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Canal day 009Here’s Dylan with our friends Julie and Ella earlier this year; we’d been to Cineworld to see Tarzan. Ella is a seasoned cinema-goer but for Dylan this is still a relatively-new experience. I have worked hard over the last few years to support Dylan to access the cinema; we started with Autism-Friendly screenings and after a while were able to attend selected mainstream films. On this occasion Julie and I had planned to take Ella and Dylan to the cinema at the end of a canal walk; we would be tired and this would be a good way to end the day.

Canal day 006As it was hard to judge timings we would have to choose the film on arrival; not a problem at a cinema complex where there would be multiple screenings of children’s films. The first suitable film, however, turned out to be a 3D screening. Dylan hadn’t been to a 3D film before. I don’t think he’ll wear the glasses I said to Julie. As the glasses came in sealed bags we couldn’t try them before buying tickets. If Dylan wouldn’t wear the glasses, the man at the desk advised, he wouldn’t be able to enjoy the film; without them it would look blurry. The next regular screening was not for another hour; Dylan wouldn’t wait that long so, armed with pick ‘n’ mix and specs, we went in.

Canal day 010All appeared to be going well. I explained to Dylan about the glasses. I photographed him in them. He seemed pretty chilled. I turned to Julie; when I looked back Dylan had removed the lenses from his specs. Julie and I tried every which way but could not get those lens back into the frames. It was frustrating for me to have paid for glasses that hadn’t lasted to the start of the film but it would be even more frustrating for Dylan once the film started…

In the event we managed; Julie and I shared, sacrificing Tarzan’s outlines so that Dylan could experience him in 3D. Dylan seemed to prefer his lens-free glasses: he wore them as we left the cinema and, as I remember, kept them on in the restaurant afterwards. I think he looks rather handsome; the frames suit him. Julie pointed out it was actually a sensible thing for Dylan to have done: You gave him some glasses he couldn’t see through. He wanted to see so he took the lenses out.

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August 2014 067 I have two pairs of glasses (as well as my rose spectacles) which I alternate between. My optician tells me that bifocals are inevitable at some point. This has happened recently and fairly rapidly; I’ve not had to think about my own eyesight much before now. I did, however, have to spend time at the eye hospital when my daughter was young.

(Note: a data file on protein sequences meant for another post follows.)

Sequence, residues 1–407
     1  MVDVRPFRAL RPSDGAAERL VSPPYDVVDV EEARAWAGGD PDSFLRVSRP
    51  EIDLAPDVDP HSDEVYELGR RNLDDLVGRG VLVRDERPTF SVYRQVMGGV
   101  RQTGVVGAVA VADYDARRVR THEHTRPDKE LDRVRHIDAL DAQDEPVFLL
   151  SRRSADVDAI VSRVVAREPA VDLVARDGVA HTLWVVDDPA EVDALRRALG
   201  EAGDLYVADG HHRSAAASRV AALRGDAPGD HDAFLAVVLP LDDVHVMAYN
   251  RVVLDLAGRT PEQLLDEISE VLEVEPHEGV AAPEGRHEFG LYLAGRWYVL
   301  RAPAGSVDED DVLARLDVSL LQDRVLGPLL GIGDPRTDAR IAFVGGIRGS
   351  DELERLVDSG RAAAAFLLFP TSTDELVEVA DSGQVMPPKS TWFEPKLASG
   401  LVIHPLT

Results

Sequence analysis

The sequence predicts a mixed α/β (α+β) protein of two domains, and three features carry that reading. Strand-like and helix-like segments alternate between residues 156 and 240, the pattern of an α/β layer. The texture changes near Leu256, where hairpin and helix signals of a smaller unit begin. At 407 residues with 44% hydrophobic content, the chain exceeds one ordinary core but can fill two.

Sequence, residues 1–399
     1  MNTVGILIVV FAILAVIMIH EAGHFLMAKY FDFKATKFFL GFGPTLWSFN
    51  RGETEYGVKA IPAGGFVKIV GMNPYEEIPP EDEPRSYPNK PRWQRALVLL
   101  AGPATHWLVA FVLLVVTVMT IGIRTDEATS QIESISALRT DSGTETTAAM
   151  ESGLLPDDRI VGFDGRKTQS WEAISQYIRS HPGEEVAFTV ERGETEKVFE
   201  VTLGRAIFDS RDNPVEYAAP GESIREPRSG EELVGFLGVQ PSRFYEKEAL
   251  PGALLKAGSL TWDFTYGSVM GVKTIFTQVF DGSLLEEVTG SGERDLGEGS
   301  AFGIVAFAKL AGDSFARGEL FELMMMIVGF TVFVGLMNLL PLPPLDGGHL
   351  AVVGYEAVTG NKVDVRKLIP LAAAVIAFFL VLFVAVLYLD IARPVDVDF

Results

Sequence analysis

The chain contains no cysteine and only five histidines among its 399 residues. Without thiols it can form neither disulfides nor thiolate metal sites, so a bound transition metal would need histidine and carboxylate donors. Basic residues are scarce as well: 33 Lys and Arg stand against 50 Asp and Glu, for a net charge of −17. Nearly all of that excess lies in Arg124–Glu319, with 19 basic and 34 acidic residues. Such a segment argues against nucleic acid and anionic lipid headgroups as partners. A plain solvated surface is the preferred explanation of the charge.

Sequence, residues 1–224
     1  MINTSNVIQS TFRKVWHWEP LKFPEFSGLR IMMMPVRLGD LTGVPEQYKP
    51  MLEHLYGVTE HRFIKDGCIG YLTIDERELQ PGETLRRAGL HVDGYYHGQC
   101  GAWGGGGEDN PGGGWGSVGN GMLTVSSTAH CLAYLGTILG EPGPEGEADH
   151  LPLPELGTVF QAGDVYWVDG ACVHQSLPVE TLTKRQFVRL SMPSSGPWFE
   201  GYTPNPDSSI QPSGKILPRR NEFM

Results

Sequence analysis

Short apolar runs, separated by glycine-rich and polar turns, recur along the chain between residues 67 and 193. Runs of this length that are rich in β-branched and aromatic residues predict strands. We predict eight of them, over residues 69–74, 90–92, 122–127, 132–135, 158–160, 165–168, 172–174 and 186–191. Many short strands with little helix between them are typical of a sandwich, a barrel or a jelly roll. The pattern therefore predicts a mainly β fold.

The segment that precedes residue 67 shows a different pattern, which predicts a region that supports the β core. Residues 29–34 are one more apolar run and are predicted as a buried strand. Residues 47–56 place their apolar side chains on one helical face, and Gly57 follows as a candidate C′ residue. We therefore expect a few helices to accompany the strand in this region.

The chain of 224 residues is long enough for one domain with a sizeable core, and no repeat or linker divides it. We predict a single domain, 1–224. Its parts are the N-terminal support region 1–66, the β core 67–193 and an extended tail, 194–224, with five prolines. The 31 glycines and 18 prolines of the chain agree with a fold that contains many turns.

verywellbeing.co.ukShe had a squint or ‘lazy eye’; her father noticed it when she was only three years old (for some reason I could never see it) so it was picked up relatively early. Before a treatment path could be decided upon the doctors needed to undertake a comprehensive assessment of my daughter’s eyes including standard sight testing. This wouldn’t be possible, I told the optometrist. Her eyebrow raised. I could see ‘problem mother’ written across her face. Well we’ll just have a go shall we, she said. But my daughter, I explained, wouldn’t be able to complete the test because she didn’t know the alphabet: she won’t be able to tell you what she can see, I said.

My daughter was at a Steiner kindergarten and in line with Steiner philosophy my husband and I had made a decision not to introduce formal learning until she was seven. My daughter would not therefore be able to name the letters on the sight chart even if she could see them. The assessments were re-scheduled and in due course full measures obtained. I sometimes wondered whether the delay in gathering this data altered the course of treatment; although there had been talk of surgery my daughter controlled the squint and there was no intervention.

Dylan’s sight and hearing have never been assessed and, given the way measurements are taken, it is unlikely that they could be; for all I know Dylan may be short- or long-sighted. Medical tests and examinations require more than the informed consent of the patient (challenging as that can be); they usually require language and sometimes literacy. My daughter’s inability to report what she could see because she wasn’t yet literate was temporary; not completing the eye test did not have major implications for her health (and may even have helped given that it delayed intervention). For someone like Dylan, however, who is neither literate or verbal, the challenge posed by the need for medical examination is significant.